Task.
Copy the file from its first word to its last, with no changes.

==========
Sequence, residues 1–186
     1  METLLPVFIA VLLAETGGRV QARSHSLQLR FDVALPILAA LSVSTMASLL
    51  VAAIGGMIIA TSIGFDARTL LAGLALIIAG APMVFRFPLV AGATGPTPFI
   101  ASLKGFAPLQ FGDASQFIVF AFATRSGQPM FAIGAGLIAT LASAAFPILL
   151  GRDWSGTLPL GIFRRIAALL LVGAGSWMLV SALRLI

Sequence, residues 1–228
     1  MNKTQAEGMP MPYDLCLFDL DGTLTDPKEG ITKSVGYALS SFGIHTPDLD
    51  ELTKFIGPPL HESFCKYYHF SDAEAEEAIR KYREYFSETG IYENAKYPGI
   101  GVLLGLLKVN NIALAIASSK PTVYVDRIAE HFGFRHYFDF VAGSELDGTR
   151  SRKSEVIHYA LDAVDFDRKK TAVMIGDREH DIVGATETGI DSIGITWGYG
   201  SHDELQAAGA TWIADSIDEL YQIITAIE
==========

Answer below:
Sequence, residues 1–186
     1  METLLPVFIA VLLAETGGRV QARSHSLQLR FDVALPILAA LSVSTMASLL
    51  VAAIGGMIIA TSIGFDARTL LAGLALIIAG APMVFRFPLV AGATGPTPFI
   101  ASLKGFAPLQ FGDASQFIVF AFATRSGQPM FAIGAGLIAT LASAAFPILL
   151  GRDWSGTLPL GIFRRIAALL LVGAGSWMLV SALRLI

Sequence, residues 1–228
     1  MNKTQAEGMP MPYDLCLFDL DGTLTDPKEG ITKSVGYALS SFGIHTPDLD
    51  ELTKFIGPPL HESFCKYYHF SDAEAEEAIR KYREYFSETG IYENAKYPGI
   101  GVLLGLLKVN NIALAIASSK PTVYVDRIAE HFGFRHYFDF VAGSELDGTR
   151  SRKSEVIHYA LDAVDFDRKK TAVMIGDREH DIVGATETGI DSIGITWGYG
   201  SHDELQAAGA TWIADSIDEL YQIITAIE